Cat on a Hot Tin Roof 1958 Film
How form changes meaning in Cat on a Hot Tin Roof.
At the crux of the complex ‘Cat on a Hot Tin Roof’ is the relations that characters have with one another, most saliently how Skipper’s death corrodes the way Brick interacts with Maggie and Big Daddy. However, although this mention of Brick and Skipper’s latent homosexuality is overt in the text, it is peripherally referred to in the film, wholly changing our view of not only Brick, but Maggie too. Moreover, the set in the play is utterly transformed in the movie; redirecting our attention from a single room that “evoke[s] some ghosts,” and is “gently and poetically haunted by a relationship,” to a plethora of different environments that evoke an entirely different mood altogether. Additionally, the conclusion to the film is notably different from the text; reflecting an important plot alteration. Instead of leaving the audience with lingering questions; all is neatly resolved, thereby transforming the entire contention of the play; which is to convey the extremities of human emotion, through relationships and characters’ interactions.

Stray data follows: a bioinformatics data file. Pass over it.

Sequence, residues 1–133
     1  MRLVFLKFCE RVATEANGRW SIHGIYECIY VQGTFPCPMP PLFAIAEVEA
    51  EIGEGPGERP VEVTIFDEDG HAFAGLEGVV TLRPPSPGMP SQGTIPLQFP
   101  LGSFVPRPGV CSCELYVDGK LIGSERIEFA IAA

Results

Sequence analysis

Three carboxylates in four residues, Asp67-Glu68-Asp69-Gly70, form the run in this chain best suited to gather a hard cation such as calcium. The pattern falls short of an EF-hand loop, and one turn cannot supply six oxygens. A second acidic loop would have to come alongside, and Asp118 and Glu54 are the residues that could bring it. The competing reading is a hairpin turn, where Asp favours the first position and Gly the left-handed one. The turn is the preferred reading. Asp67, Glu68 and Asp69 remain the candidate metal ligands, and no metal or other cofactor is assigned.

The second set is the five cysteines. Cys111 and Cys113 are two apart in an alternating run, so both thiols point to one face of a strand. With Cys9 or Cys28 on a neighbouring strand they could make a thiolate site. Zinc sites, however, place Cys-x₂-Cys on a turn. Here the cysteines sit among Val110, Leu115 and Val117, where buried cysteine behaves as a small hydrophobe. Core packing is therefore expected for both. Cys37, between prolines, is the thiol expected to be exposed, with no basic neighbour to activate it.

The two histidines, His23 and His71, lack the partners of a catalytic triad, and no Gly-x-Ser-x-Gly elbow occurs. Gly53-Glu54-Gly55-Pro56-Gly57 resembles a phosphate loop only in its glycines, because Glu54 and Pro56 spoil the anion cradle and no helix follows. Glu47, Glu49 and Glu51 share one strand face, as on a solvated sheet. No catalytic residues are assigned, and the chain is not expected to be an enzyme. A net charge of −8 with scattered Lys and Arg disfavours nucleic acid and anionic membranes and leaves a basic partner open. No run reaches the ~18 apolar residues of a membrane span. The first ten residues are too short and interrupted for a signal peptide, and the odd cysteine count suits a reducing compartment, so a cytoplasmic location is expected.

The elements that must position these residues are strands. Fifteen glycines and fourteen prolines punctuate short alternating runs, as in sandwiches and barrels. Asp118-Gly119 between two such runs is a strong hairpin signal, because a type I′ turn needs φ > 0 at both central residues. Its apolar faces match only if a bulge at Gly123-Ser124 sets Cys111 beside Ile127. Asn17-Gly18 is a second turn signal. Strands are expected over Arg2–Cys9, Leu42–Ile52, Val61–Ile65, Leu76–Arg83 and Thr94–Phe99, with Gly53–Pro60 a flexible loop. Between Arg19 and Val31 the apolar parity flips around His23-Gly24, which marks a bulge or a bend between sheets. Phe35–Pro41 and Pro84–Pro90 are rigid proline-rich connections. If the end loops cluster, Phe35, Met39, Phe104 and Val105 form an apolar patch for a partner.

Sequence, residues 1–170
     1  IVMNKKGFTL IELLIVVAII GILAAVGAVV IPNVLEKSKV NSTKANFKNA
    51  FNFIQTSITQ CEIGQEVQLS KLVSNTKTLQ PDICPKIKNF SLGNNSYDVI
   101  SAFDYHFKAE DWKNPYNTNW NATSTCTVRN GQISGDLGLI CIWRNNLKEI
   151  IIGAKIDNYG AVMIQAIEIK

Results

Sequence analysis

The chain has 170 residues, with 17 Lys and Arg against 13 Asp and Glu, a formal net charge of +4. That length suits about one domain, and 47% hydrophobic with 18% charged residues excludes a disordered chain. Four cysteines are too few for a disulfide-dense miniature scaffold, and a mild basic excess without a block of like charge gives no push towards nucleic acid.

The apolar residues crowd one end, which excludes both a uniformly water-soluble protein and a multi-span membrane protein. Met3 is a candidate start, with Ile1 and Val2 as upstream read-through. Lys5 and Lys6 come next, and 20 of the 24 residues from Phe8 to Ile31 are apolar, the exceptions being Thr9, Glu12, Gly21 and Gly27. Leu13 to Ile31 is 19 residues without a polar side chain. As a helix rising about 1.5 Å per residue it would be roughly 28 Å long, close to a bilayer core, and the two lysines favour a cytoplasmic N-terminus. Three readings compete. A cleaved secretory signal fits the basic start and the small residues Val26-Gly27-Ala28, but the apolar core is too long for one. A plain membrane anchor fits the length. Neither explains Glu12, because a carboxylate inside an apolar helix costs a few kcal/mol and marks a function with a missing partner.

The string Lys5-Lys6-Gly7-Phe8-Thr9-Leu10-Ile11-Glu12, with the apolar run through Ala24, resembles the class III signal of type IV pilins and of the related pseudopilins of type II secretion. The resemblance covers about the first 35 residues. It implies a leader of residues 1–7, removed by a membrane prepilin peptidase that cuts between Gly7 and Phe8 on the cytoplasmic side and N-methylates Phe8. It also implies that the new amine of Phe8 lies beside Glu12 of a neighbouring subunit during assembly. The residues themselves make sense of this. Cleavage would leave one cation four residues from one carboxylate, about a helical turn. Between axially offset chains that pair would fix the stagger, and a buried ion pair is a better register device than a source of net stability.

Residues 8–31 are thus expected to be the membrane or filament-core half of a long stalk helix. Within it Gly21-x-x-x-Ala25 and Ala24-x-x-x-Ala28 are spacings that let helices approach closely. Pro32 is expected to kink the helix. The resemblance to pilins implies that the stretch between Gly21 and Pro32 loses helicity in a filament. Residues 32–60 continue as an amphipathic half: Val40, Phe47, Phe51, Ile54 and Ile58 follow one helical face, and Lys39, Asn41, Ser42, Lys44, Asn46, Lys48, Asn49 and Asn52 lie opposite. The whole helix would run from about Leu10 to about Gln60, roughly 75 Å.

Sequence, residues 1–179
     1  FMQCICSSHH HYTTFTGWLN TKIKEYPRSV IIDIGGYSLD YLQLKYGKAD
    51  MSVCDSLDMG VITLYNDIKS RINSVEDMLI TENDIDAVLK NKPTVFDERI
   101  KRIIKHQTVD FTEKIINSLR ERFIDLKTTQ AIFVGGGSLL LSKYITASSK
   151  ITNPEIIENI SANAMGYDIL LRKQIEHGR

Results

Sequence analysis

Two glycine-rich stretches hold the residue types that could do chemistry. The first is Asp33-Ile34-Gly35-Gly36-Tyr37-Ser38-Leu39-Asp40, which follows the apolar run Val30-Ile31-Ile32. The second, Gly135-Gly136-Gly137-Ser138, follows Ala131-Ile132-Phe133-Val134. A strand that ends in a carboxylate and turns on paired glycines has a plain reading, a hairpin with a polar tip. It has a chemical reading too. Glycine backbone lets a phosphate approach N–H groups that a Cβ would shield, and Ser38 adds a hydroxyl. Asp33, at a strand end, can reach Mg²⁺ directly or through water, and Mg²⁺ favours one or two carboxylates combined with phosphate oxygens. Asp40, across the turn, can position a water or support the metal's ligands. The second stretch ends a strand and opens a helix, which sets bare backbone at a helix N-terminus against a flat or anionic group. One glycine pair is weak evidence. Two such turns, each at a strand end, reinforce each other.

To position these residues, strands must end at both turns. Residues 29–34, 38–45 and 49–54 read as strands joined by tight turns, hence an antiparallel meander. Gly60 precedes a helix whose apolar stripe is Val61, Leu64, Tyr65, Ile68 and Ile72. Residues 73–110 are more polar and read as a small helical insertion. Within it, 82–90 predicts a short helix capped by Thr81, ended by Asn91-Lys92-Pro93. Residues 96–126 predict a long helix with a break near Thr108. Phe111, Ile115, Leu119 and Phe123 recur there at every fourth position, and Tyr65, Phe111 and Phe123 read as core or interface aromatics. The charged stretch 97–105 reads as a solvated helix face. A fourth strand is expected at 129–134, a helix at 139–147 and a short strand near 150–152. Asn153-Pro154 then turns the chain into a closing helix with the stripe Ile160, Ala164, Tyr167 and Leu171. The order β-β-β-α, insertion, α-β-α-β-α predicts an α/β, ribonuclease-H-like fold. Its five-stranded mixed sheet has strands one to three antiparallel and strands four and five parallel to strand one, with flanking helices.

The Maggie we see in the film is depicted as a self-interested, vain, disloyal and obsessed with a man who doesn’t love her back; instead of liberal, loving and although, short-tempered at times, ultimately well-meaning. In the play, she expresses her view of her physical appearance through dialogue; however in the film this is expressed through the use of the mirror. Maggie is often depicted, in fact for the entirety of scene 2, as looking at herself in front of the mirror. She sees Brick’s apathetic stare through the mirror and additionally admires her shape in the prop; proving it to be an important feature of the film. It acts as not only a reflection of their dysfunctional marriagebut as a reflection of Maggie’s view of herself; and Brick. The mirror is not used in the text, wholly changing our view of how the two protagonists view themselves and the demise of their union. As discussed, Maggie expresses in the original that she thinks Brick’s and Skipper’s relationship was “one of those beautiful, ideal things they tell you about in Greek legends,” and “that’s what made it so awful, because it was love that never could be carried through to anything satisfying or even talked about plainly.” Here, she is open minded, especially so when compared to the way Brick himself describes homosexual relations (as something to be “disgusted” by, an “unnatural” thing.) Conversely, in the adaptation she is intolerant, jealous of a mere “pure and true friendship,” with a fuse so short she is willing to smother a child’s face in ice cream. However, it is imperative to note that 1950s audiences would view Maggie differently; she was their golden girl – idolized, romanticized, and therefore interpreted as more sympathetic than perhaps a modern audience would perceive her. Maggie’s paucity of softness in the adaptation (a characteristic that makes her so complex when analyzing how that softness compliments her smoldering sensuality) paints an entirely different picture of our beloved “Cat.” Although her tenacity and sexuality is are evident through the film, with numerous low shots of her legs and close ups of the determination on her countenance in bringing Brick to bed with her; there is not as much of that softness, that sadness that the play conveys so adroitly. Ultimately, Maggie is watered down in the play; her feminine sensuality flourishing as Hollywood demands, yet her emotional softness smothered. And this is what changes the meaning of the play, through the omission of homosexuality, characters that are intended to demonstrate the extremities of human emotion ultimately do not do so.